May 7, 2021
Nuclear plants have been buffeted by increasing competition from natural gas and renewables. At the same time, they provide a significant amount of the zero emissions power in the U.S. and would be a key part of any plan to achieve President Joe Biden's climate goals.
"Nuclear provides more than half of the carbon-free emission electricity in the U.S., with Exelon plants providing 12% of all the carbon-free energy in the United States," Crane said on Wednesday's call, pointing to Biden's 2030 goal of reducing economy-wide greenhouse gas emissions 50% to 52% below 2005 levels by 2030.
Absent more support, Exelon plans to shut down its Dresden and Byron plants, with a combined capacity of about 4.3 GW, this year.
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"Current market prices do not allow us to continue to meet our payroll, paying our property taxes, and covering other significant costs and risks of operating these assets. Without adequate policy ... we will retire uneconomic plants beginning this fall," Crane said.
In announcing the shutdowns last August, Exelon pointed to both declining energy prices and market rules that it said gave a competitive advantage to polluting sources bidding into PJM's capacity market. PJM and its member states are exploring alternatives to the current rules that are more in line with broader climate policy goals.
Exelon's assertions regarding the poor economics of its Byron and Dresden plants were backed up in a study released last month by Synapse Energy Economics, which had been hired by the Pritzker administration to investigate Exelon's claims.
"Byron and Dresden do face real risk of becoming uneconomic in the near term," Synapse said in its report, which recommended state financial support for the plants.
But Pritzker's proposal to support the plants is insufficient and based on questionable estimates, according to Exelon spokespserson Paul Adams.
"The minimal level of support offered by the governor’s proposal was based on estimates prepared by a consultant whose work has twice been rejected by New Jersey policymakers, who when faced with the same circumstances concluded that saving that state’s nuclear plants would cost consumers far less than trying to replace them with other clean energy sources," Adams said via email.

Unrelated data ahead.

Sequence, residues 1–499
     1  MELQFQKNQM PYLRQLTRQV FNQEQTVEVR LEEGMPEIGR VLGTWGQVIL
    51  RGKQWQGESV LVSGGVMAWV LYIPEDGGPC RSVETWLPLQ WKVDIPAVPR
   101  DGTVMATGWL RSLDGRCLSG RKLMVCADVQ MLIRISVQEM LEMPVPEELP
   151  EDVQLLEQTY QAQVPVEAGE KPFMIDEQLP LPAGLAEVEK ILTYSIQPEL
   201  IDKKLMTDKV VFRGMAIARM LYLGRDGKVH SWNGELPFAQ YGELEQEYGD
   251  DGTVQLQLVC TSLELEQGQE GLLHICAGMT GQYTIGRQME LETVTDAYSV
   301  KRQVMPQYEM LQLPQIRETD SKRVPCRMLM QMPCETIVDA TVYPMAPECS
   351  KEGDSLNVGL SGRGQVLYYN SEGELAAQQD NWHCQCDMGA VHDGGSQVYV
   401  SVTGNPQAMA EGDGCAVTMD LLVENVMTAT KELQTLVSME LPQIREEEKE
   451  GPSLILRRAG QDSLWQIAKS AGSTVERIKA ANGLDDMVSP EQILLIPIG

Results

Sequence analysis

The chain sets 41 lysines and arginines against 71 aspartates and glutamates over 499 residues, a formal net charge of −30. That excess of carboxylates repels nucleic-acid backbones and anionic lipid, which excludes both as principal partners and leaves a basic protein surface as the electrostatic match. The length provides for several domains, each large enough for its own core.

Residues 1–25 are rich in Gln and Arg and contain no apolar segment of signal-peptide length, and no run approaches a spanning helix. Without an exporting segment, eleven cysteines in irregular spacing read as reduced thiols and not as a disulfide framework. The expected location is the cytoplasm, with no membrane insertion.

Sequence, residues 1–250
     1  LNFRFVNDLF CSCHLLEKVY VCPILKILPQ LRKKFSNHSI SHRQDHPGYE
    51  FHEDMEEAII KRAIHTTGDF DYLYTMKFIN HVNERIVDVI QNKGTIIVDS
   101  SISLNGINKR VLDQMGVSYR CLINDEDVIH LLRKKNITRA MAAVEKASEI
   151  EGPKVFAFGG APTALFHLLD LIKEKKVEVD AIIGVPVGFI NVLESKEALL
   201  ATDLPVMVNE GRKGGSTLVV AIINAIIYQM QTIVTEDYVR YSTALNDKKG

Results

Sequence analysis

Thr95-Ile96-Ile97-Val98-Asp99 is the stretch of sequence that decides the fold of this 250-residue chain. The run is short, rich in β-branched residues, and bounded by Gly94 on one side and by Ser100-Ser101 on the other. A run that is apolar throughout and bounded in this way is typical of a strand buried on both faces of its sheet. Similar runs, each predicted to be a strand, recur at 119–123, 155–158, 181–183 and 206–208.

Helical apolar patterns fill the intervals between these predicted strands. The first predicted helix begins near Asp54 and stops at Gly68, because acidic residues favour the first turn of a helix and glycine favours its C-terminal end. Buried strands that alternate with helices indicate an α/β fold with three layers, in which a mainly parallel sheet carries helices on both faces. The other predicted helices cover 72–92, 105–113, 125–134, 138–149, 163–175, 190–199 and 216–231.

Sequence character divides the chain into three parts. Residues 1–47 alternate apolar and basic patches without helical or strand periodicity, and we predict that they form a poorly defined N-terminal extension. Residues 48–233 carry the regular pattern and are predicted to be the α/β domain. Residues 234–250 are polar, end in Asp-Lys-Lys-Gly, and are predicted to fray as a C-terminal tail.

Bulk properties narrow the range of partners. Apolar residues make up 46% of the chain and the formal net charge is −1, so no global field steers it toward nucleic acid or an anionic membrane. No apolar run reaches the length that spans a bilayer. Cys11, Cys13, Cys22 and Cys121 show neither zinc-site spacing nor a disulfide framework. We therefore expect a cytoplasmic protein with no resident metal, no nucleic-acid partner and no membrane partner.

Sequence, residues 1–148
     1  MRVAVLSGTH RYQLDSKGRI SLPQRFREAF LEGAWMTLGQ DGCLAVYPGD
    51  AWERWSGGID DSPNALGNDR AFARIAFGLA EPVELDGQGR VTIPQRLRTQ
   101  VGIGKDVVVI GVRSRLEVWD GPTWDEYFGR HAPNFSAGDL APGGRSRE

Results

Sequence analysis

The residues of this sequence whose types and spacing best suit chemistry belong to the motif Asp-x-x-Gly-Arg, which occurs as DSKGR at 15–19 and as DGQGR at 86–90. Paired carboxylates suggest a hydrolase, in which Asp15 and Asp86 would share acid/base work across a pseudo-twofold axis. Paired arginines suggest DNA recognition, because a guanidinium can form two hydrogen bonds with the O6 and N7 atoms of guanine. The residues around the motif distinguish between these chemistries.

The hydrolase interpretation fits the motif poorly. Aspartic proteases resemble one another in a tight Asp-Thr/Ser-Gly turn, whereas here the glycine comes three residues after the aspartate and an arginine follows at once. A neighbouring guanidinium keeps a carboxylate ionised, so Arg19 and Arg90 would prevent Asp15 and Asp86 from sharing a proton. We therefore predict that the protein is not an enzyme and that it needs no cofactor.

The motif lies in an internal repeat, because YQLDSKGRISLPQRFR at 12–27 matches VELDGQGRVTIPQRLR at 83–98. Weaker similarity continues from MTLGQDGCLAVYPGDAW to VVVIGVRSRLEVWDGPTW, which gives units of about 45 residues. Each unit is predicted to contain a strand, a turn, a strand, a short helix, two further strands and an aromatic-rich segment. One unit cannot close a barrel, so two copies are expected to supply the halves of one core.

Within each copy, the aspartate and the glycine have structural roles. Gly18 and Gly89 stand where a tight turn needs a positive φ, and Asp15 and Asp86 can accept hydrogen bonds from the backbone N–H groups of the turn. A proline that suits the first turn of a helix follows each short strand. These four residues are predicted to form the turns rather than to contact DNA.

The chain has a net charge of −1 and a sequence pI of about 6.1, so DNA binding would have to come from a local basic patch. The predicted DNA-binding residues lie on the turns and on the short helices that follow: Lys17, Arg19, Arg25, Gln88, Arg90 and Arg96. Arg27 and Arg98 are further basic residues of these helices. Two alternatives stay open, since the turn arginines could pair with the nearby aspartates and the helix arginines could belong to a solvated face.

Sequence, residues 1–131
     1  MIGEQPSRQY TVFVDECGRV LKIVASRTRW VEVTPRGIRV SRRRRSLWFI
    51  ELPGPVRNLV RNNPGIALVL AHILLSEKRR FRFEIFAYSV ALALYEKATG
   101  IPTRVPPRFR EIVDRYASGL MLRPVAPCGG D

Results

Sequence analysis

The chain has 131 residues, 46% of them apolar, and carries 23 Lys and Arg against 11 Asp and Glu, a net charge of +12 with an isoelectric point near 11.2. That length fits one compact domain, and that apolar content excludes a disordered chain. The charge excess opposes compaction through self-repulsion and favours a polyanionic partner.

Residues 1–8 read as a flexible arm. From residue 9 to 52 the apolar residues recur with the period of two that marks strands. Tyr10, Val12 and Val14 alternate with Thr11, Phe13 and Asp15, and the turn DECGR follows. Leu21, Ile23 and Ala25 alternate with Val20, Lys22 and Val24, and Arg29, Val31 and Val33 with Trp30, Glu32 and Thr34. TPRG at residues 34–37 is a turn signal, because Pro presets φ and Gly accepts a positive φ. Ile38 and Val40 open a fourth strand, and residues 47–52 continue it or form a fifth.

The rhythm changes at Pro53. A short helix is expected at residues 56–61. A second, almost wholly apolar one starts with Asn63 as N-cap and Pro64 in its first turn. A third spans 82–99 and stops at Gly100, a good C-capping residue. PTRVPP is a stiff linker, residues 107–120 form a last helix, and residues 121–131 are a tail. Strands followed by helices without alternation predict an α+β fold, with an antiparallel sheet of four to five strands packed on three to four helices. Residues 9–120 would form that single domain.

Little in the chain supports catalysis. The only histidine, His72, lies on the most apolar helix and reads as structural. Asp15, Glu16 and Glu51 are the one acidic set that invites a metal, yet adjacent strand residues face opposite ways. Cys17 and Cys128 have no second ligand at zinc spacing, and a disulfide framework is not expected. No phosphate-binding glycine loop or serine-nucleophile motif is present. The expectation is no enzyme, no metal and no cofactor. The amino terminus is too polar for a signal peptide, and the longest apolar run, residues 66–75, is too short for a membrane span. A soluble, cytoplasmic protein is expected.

But the Union of Concerned Scientists disputed Crane's remarks regarding the cost of replacing nuclear with renewables and storage in Illinois.
"Crane’s comment that renewables plus storage would cost 12 [times] or $80 billion more than keeping the existing nuke plants running is ridiculous. I’m guessing he’s comparing the incremental cost of keeping them running (basically the subsidies) to the all-in cost of adding new renewables plus storage and the tax credits," said Steve Clemmer, director of energy research for the UCS Climate and Energy Program.
A 2020 report from Lawrence Berkeley National Laboratory shows solar+battery PPA prices declining to around $25-30/MWH in 2019 including the ITC, which is similar to the operating costs of most existing nuclear plants as shown in a 2020 NEI report, he added.
In addition to the governor's proposal, several other energy policy reform bills have been introduced in Illinois to drive the state's energy transition and tackle climate change. Legislative leaders are meeting to develop a package from the various bills that can be considered this session, Crane said during Wednesday's call, adding that Exelon was "encouraged" by the expression of support for the continued operation of the nuclear plants.
"However, the details really matter. A bill needs to pass before the end of the regular session, and it needs to provide adequate support for continuing to invest in the Illinois fleet," he continued.
Crane also pointed to an April 27 decision by New Jersey regulators to extend subsidies for two of PSE&G's nuclear plants.
"The same voices that are arguing in Illinois that our plants are profitable were overruled in New Jersey's decision. The commission in New Jersey emphasized that maintaining the existing nuclear plants was critical to achieving the state's emission goals and significantly less costly than replacing nuclear with other [carbon free] generation. This is true in Illinois. Keeping the nuclear plants running is better option for the customers than trying to replace them with all renewables in storage," he said.